The political elite of Finland has committed itself militarily and does not want to have a debate about the Constitution and its effects on our militarily non-aligned status. I hope my comments will contribute to the debate in Ireland about our common non-aligned status and help us to save our neutrality in the questions of war and peace in the EU.


The Constitution has four parts and 36 Constitutional protocols.

It was drafted by a special convention of 207 members and alternates from 28 countries and from the European parliament.

The Convention did not represent widely the diversity of the opinions of 500 million citizens. The fewer representatives there are, the more unrepresented is the half a billion population of the EU.

The Constitution has been drafted undemocratically. In the Convention the draft constitution was dictated by the presidium, a kind of politburo of the Convention. Actually the Convention only drafted the first part of the Constitution. It was accepted but not voted upon. I was one of those conventionists who had no chance to express my differing view in the vote.

Part II of the Constitution, the Charter of fundamental rights, was being prepared before the Constitutional Convention took place. The earlier Convention was allowed to include only those fundamental rights that have already been accepted by the member states in international agreements and declarations, and there was not even one new fundamental right added to those.

Nobody knows who drafted part III (the largest part) of the Constitution.

The left wing parties in our group in the European Parliament see this part III as a special problem. We who are worried about social welfare in Europe and who see the globalisation weakening it, consider the third part of the Constitution as a neo-liberal Manifesto. There is a fear that the right of the Commission to negotiate international trade agreements will be taken to mean privatisation of public services.

The lack of the European social model in the Constitution is the main reason for our group in the European Parliament to vote No in the referenda.

We who represent smaller countries have some more justified reasons. They are not always shared by our left wing colleagues from more populated countries.

In future, we will be governed by laws of a supranational nature. These laws are given to smaller countries from outside, by the bigger powers.

The new legislative procedure written into the Constitution means the transfer of power to the supranational institutions. The commission has a monopoly in initiating legislation. According to the ordinary legislative procedure the supranational European Parliament (where the bigger member states have more members than the others) and the Council decide together upon the laws. Both have a veto. In practice, the Council veto is implemented by the most populated member states, and the smaller countries no longer have one. It is due to the fact that each piece of legislation can be vetoed by a minority comprising 35% of the population of the Union (at least four countries must, however, be included).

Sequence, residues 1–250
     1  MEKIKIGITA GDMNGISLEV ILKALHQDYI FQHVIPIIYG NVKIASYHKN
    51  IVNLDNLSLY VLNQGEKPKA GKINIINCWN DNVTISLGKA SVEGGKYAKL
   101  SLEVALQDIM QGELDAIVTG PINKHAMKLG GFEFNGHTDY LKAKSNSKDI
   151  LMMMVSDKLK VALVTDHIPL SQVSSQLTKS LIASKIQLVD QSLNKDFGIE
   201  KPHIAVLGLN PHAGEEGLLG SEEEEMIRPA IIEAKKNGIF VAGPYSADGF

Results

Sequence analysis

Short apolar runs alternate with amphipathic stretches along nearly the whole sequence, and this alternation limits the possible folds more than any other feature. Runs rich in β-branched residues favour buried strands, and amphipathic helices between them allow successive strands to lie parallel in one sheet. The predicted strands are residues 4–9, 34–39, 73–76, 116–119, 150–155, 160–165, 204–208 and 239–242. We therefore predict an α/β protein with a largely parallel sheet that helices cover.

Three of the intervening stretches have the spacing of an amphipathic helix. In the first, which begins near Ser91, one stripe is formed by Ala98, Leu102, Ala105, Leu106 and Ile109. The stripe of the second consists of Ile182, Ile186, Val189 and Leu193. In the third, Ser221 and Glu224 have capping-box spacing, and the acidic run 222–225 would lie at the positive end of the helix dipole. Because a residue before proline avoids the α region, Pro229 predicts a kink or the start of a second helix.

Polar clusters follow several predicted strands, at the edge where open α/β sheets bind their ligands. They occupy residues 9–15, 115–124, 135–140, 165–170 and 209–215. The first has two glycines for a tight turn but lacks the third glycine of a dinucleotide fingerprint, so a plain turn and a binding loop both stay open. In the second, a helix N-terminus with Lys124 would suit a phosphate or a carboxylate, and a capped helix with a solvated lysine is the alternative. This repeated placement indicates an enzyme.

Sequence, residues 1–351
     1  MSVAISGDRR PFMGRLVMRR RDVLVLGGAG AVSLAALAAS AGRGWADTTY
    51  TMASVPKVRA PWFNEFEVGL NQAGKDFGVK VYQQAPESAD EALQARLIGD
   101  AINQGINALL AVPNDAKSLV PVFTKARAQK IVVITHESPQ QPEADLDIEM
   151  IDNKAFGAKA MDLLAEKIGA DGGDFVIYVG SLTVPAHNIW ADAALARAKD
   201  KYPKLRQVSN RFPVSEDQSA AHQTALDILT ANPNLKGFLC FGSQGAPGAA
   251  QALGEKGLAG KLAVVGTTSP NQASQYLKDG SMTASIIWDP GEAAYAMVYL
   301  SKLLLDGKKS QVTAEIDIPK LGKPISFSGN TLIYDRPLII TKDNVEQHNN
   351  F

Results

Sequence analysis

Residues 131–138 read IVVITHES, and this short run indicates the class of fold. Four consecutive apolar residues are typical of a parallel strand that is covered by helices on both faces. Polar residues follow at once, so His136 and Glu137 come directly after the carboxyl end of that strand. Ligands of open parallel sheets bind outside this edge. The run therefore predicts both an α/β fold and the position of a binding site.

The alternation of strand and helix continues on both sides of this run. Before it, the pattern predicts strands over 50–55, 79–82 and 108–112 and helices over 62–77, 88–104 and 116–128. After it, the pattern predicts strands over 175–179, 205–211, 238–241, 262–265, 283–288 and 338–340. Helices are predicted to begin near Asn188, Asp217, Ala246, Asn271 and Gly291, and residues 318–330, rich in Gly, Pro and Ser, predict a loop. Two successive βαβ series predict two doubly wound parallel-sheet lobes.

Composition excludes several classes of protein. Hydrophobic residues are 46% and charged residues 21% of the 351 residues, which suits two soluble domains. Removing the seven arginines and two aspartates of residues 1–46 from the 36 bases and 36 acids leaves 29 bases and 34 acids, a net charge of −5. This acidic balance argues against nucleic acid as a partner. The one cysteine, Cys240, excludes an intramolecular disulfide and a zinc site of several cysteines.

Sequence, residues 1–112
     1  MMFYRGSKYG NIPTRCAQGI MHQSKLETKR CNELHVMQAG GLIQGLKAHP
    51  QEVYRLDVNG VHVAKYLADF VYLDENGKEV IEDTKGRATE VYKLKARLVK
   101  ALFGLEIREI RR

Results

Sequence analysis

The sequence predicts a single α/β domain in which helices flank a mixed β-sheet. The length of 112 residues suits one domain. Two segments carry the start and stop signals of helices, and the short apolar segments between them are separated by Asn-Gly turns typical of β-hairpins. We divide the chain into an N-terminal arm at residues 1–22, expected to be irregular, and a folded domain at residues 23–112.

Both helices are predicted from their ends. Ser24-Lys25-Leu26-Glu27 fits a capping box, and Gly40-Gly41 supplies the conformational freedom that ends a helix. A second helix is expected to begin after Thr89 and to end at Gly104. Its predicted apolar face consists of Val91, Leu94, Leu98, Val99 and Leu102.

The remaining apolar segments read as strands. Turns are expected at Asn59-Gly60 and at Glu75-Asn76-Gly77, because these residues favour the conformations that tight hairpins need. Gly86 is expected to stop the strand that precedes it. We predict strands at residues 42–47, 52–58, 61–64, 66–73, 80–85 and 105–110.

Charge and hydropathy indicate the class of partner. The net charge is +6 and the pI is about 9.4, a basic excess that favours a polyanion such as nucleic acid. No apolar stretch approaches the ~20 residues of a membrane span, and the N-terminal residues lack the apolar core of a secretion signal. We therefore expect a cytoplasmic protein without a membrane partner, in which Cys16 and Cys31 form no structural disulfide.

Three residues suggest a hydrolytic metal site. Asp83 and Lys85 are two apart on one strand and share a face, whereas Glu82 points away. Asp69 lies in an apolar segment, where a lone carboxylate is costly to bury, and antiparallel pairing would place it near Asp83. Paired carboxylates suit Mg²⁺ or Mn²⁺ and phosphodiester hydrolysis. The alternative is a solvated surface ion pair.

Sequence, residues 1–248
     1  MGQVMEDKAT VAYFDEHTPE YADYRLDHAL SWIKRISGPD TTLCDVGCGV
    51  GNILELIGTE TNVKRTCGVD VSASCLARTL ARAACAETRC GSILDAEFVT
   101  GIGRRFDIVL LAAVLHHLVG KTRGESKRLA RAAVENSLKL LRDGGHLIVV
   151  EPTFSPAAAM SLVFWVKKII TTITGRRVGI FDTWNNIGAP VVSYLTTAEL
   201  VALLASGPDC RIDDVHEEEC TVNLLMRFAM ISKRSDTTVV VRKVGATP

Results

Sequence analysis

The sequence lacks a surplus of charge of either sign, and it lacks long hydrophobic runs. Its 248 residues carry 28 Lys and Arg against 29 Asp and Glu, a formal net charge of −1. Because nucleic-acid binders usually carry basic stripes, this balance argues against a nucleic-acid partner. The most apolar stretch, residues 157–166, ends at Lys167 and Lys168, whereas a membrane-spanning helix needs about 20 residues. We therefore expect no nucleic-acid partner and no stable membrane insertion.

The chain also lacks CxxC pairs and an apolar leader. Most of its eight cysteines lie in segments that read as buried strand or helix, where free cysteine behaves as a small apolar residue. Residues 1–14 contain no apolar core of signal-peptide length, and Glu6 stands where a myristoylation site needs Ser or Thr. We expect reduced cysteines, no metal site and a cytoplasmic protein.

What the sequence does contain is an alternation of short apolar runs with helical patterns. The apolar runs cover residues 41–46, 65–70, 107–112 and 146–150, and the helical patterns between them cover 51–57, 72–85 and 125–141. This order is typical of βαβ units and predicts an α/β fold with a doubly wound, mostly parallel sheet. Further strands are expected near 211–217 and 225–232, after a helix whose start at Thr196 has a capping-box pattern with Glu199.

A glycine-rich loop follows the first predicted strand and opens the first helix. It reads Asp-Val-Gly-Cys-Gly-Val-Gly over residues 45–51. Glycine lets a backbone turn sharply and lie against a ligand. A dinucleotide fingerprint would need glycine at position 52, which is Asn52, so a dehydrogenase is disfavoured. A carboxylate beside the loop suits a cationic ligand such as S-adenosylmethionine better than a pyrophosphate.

The number of those legislative acts that fall under the ordinary legislative procedure, increases from 37 to 86. This is a remarkable transfer of power towards supranationalism, and by supranationalism I mean the power of the big Member States.

The Constitution includes 43 new legal bases to be decided by qualified majority voting. This power, gained by the institutions of the Union, is lost by the national parliaments.

In the Convention, the first article of the Constitution said first that the Union exercises its competences on a federal basis but was then changed to say "on a Community basis". The new formulation defines the method of federalisation: the Community method by the Community basis. It means that power is centralised in the Union's own institutions and that the power exercised by the democratic bodies of the member states is replaced by supranational decision making.

During the last night of the Convention, the constitutional flag, the anthem, money and the (supra) national day (Europe Day) were added to the Constitution. The new federalist state embodies itself in its new collective symbols.

In addition to these symbols the positions of the union president and foreign minister can be treated as signs of the emerging federal state.

Furthermore, these new positions are not only symbols but reflect also the new competences giving the Union more power in the fields of foreign, security and defence policies.

Far too little attention has been paid to the Area of Freedom, Security and Justice. It is about the gradual harmonisation of civil laws and asylum and immigration legislation. It is an additional reason to reject this project.

We should defend the independency and sovereignty of all EU member states in the questions of war and peace and pass our laws in our own parliaments.